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Worthy is the Lame: Marks of a Dying Church

Worthy is the Lamb  •  Sermon  •  Submitted
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The Lord of Glory has a message for the church today: Religious activity is not necessarily an indication of true spiritual vitality within a local congregation.

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Text: Revelation 3:1-6
Theme: The Lord of Glory has a message for the church today: Religious activity is not necessarily an indication of true spiritual vitality within a local congregation.
The Book of Revelation is a message from our Lord Jesus to his church. He is the one who walks among the lampstands — the lampstands representing his Church on earth. It’s a message of Christ in his Church, Christ over his Church, Christ speaking to his Church. The seven churches mentioned in Revelation are seven real churches in seven real cities.
It has been thirty years since these congregations had been established, and each of them had developed their own character. At the end of the 1st century, Jesus gives a series of visions to the Apostle John addressing these congregations. Five of these churches are in serious trouble. Only two of them are commended — the Church at Smyrna, and the Church at Philadelphia. Our Lord recognized the character of each church, the issues in each church, and sends a letter to each one. These are unique churches and are, I believe, representative of the kinds of churches that have existed in every age, including our own. In that sense, these letters are timeless speaking to every generation of Christians since then to the present.
This morning we come to the letter to the Church at Sardis. The message to this church lists no specific enemies, internal or external. There is no name calling — no liars, no Balaam or Jezebel, no deep secrets of Satan, no synagogue of Satan, no throne of Satan. Of all the congregations in Asia, we know least about Sardis, and its problems. Yet no other message to any other church is perhaps more frightening. Sardis is a picture of the church which, from all outward appearances, is doing everything right. But those outward appearances are deceiving. God looks at this church and declares, "You are dead."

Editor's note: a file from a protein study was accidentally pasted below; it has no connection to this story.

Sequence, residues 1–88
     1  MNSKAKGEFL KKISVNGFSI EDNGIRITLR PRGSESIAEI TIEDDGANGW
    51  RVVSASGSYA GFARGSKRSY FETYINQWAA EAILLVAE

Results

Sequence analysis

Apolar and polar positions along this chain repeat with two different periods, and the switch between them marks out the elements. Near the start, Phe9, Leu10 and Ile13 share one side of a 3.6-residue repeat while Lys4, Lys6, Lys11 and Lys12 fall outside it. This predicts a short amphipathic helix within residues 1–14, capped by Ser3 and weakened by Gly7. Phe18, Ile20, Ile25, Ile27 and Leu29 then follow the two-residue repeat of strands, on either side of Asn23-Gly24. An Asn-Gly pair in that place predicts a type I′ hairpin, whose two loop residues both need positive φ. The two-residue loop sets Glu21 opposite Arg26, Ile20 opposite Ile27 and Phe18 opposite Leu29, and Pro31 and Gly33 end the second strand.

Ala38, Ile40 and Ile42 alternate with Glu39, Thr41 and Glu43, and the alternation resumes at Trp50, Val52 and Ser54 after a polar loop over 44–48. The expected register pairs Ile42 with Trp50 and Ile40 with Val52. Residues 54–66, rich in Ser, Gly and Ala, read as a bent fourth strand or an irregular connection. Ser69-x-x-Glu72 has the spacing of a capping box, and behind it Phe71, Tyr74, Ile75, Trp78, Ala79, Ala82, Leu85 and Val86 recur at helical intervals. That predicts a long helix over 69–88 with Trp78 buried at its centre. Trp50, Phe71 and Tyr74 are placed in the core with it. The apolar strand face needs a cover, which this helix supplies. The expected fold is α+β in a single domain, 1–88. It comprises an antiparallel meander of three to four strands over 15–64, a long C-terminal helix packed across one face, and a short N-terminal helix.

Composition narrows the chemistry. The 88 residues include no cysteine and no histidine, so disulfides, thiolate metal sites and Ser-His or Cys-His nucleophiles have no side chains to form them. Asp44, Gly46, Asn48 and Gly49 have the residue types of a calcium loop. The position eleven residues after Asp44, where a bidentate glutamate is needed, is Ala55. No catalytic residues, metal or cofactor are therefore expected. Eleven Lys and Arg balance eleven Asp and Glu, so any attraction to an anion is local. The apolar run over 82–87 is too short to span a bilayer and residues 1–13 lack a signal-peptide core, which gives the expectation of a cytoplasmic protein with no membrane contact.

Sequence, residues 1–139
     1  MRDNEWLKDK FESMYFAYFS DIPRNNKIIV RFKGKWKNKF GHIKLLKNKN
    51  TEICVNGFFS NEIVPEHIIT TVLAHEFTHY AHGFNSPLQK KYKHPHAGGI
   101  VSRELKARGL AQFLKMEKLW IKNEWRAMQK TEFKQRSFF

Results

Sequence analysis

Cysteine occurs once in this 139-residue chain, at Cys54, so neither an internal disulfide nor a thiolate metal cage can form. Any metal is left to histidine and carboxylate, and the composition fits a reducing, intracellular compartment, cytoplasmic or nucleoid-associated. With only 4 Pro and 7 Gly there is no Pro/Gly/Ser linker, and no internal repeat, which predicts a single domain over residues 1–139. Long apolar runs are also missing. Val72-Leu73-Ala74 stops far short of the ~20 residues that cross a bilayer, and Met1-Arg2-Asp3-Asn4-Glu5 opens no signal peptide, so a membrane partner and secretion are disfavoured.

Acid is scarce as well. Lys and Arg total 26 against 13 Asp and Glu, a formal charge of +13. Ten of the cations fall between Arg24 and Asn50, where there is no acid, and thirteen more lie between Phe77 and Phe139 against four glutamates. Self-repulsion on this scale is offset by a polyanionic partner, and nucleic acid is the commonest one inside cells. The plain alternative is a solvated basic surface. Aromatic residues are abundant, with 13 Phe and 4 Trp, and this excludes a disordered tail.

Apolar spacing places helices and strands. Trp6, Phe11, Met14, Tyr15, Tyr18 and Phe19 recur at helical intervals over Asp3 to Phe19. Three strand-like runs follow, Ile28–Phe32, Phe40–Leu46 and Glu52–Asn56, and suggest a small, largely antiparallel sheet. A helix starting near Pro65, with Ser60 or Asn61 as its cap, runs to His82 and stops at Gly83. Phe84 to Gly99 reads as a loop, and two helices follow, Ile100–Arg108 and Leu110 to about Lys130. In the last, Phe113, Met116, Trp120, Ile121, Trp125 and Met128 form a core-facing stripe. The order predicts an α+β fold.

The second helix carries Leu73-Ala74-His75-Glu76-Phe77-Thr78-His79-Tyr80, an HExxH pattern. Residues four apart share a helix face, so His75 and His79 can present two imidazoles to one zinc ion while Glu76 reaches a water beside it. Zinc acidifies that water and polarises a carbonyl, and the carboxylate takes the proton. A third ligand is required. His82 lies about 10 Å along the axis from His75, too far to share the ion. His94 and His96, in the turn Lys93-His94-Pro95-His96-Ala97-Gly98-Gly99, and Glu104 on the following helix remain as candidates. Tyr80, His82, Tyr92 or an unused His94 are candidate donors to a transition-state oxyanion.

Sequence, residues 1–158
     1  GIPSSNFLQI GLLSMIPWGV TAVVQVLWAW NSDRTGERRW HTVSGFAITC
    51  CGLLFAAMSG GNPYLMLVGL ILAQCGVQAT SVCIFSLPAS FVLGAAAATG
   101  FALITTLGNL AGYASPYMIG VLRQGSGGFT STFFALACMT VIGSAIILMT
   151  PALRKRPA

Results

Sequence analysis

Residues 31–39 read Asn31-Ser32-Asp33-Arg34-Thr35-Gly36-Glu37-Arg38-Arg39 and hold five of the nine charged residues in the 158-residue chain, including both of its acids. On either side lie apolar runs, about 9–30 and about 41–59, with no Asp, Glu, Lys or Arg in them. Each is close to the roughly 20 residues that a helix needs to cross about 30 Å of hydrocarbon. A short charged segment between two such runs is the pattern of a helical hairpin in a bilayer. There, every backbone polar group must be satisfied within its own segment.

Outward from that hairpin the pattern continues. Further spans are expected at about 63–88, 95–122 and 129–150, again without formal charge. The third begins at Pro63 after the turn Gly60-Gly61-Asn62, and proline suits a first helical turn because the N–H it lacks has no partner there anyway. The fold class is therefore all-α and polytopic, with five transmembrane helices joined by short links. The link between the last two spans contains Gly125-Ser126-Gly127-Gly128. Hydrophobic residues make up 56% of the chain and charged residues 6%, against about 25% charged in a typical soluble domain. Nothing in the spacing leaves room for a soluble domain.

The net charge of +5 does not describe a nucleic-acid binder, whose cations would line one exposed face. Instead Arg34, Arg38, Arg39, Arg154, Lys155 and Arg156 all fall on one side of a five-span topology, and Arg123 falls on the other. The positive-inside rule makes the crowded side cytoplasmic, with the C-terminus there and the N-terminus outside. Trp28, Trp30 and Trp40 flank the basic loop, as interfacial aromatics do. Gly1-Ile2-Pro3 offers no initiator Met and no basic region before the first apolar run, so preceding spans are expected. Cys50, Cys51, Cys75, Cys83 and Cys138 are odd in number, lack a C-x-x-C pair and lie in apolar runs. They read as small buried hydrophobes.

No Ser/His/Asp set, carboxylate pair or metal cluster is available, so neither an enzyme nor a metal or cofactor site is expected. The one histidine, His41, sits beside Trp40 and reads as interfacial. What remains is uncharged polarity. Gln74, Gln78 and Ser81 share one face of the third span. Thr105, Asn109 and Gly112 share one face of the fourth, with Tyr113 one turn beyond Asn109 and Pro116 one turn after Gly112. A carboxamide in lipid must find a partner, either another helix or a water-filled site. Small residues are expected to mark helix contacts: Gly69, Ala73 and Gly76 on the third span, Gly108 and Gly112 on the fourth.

Sardis reminds us that based on the world’s standards, a church can appear to be vibrant, and full of activity, while spiritually it is hollow.


1. here was a church just the opposite of Smyrna
a. remember the congregation at Smyrna?
2. remember our Lord's encouragement to that former congregation?
"I know your afflictions and your poverty — yet you are rich! ..." (Revelation 2:9, NIV)
a. the church at Smyrna was a spiritually rich church even though it was materially poor
b. the curch at Sardis was a spiritually poor church even though it was materially rich
ILLUS. Sardis was located about thirty miles southeast of Thyatira and stood at the junction of five main roads. Sardis was an important city of commerce; the center of the wool-dying, and the carpet industry. Sardis was one of the greatest and wealthiest cities in the world. Its wealth, in fact, was legendary. Some of you may recognize the name Croesus (KREE-sus) as in King Croesus as in the ancient saying Rich as Croesus. Sardis was the ancient capitol of King Croesus in the 5th century B.C., and the place were standardized gold and silver coins were first minted.
c. in the Apostle John’s day, Sardis was one of the great cities of western Asia Minor
3. in our Lord’s opening words to the congregation we see that Sardis represents those churches which have a significant reputation among men, but which have little or no spiritual vitality before God
v. 1 "... you have a reputation for being alive, but you are dead ..."
a. this verse contains a play on words
b. the word “dead” is a word that means “a corpse” or something “lifeless”
c. Jesus is telling this church " ... you have a reputation for being alive, but you are lifeless ..."


1. if a visitor had asked any pagan on the streets of Sardis for the location of this church, he could doubtless pointed the visitor in the right direction